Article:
It's not common for U.S. engineers to re-engineer a product designed in Asia. But that's exactly what engineers at Enidine, which specializes in shock and vibration technologies, did recently with a long-stroke, high-performance shock absorber. Norm MacKenzie, product line manager for the new PRO Long Stroke Series units, explains that Enidine acquired the extension to its line of standard hydraulic products from a Korean company. "The original product was only capable of about 30,000 cycles," he explains. "So although it's not usual for us to work this way, we redesigned the piston head and foam accumulator to get around 5 million cycles." Enidine just released the product, which can accommodate from 75 to 2,300 in-lbs. Target applications include pick-and-place robotics and plastics molding equipment.
Time was when sports equipment was made only from common, everyday, low-tech materials. But now sports equipment has a new, high-tech ingredient that is helping players take their game to the next level.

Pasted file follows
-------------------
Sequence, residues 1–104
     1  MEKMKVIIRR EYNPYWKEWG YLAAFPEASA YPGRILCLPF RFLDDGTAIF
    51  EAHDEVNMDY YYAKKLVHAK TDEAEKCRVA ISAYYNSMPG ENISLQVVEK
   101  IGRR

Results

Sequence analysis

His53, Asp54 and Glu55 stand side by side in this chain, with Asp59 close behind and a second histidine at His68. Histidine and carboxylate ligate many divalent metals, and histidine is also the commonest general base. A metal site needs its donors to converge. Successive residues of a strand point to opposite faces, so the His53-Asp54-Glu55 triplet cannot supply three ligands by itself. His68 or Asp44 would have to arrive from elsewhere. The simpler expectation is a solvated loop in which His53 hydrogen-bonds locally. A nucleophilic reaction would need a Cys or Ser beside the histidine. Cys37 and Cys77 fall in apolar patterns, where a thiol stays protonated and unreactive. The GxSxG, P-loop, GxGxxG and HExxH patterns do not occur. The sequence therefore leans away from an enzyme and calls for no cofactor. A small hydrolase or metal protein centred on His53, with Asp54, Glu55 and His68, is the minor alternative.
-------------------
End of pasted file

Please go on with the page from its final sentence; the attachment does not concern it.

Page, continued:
A humanoid diving robot has recovered treasure from the wreck of French King Louis XIV's flagship, untouched for nearly 400 years. The bot not only looks somewhat human-shaped, it's also got stereoscopic humanlike vision, artificial intelligence, and haptic force feedback.
Design collaboration now includes the entire value chain. From suppliers to customers, purchasing to outside experts, the collaborative design team includes internal and external groups. The design process now stretches across the globe in multiple software formats.
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